José Ramirez III’s guitars gained an international reputation during the 1960s through Andrés Segovia and his many students. Starting from 1965, J. Ramirez started to develop a new instrument built with a “Western Red Cedar” top and featuring doubled sides (rosewood and cypress). This revolutionary new way to build guitars and the use of this new material spread in the guitar world very quickly, as Andrés Segovia played several J. Ramirez III as his main concert instruments. Segovia played four instruments for a lengthy period of time [1962 (but dated 1963), spruce, 1965, 1967, 1969 (all three cedar)], and Christopher Parkening, his American student, is still enthusiastically speaking about the 1967 “Bach guitar” built by M. Tezanos. The generally used scale length of the Ramirez guitars of this time was 66,5 cm and the fretboard was slightly arched.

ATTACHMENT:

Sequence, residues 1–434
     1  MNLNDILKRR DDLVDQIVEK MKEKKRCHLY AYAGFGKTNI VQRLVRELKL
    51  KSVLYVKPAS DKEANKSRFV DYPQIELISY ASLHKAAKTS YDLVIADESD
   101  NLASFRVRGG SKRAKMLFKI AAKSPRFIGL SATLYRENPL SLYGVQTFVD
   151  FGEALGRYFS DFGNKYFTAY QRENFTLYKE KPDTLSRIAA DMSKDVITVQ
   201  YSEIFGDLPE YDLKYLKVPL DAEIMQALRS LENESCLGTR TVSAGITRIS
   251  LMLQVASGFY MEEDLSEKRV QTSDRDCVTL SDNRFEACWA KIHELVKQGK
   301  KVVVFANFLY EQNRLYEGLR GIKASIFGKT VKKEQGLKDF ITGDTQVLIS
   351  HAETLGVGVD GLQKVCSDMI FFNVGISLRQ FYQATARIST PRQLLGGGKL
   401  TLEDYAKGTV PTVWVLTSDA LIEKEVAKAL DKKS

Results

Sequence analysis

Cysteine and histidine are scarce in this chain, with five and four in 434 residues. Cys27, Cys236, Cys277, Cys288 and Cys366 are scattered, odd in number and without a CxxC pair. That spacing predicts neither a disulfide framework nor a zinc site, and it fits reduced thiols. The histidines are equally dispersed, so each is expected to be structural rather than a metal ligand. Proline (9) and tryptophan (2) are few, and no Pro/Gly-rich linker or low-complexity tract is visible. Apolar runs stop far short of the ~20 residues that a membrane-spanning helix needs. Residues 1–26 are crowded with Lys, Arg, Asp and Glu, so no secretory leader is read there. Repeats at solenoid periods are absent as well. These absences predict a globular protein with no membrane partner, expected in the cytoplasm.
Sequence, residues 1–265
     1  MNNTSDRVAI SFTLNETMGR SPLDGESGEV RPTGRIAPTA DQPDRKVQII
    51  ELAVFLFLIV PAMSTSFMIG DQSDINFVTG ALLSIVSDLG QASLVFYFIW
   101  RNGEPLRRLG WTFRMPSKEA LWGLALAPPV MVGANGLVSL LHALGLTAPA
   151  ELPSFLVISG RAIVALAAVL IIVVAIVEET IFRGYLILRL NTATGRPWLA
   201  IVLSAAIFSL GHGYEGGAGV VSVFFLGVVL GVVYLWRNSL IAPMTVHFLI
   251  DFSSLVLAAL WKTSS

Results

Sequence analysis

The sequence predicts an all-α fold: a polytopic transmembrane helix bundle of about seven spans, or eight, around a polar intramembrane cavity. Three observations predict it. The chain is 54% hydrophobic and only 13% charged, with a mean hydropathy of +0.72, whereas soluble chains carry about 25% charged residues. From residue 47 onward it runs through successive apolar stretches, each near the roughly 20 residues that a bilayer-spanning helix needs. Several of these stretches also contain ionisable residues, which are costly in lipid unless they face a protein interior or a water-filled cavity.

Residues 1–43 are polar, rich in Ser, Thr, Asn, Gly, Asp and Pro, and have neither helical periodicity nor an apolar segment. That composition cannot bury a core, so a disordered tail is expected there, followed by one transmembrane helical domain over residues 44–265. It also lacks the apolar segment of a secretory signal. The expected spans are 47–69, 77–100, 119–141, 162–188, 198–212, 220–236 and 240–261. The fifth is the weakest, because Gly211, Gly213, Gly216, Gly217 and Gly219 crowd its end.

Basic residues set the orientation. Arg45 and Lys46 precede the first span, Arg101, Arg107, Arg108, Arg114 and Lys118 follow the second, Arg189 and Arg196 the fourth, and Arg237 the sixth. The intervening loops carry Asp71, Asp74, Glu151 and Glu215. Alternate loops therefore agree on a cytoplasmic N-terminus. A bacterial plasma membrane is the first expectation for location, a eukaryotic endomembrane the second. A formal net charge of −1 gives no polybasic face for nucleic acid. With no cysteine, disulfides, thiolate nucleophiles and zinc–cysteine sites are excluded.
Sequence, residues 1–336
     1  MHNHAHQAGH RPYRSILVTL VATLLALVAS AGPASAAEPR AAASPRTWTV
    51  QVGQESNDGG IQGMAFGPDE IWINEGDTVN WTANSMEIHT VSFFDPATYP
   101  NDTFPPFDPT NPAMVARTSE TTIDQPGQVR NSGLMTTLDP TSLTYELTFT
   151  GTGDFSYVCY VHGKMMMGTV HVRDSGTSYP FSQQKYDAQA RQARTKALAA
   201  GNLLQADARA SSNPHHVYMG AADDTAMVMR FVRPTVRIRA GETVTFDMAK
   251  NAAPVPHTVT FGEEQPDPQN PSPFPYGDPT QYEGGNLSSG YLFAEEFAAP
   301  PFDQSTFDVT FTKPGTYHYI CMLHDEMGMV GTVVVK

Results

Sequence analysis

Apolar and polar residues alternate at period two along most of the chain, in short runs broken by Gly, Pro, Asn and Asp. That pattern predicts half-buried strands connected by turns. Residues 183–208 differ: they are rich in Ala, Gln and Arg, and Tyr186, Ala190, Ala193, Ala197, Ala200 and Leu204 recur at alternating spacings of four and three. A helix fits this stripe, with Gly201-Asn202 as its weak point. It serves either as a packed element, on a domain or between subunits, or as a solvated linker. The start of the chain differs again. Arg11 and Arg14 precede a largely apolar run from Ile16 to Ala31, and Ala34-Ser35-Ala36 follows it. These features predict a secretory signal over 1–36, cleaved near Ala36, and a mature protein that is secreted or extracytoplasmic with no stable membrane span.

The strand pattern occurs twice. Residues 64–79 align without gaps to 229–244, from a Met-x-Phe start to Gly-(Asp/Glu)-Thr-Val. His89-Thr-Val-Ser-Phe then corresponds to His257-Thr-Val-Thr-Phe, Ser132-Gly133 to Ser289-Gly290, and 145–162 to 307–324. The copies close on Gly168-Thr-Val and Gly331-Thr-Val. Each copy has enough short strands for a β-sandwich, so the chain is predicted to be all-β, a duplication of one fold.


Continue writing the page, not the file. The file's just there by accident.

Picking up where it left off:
This guitar was built in 1971 and has a cedar top and stunning CITES-certified Brazilian rosewood back and sides. The ample basses are very strong, warm and responsive. The balance between bass and treble is excellent and the sympathetic resonances are supporting the mediums to give a very complete instrument. The guitar is in near original mint condition with only a very few superficial playing marks. Altogether, the original condition of this guitar and its beautiful sound makes it very interesting for both players and collectors. The tuning machines are made by Fustero. The original hard-shell case is included.
|Luthier:||José Ramirez III|
|Back and sides:||Brazilian rosewood|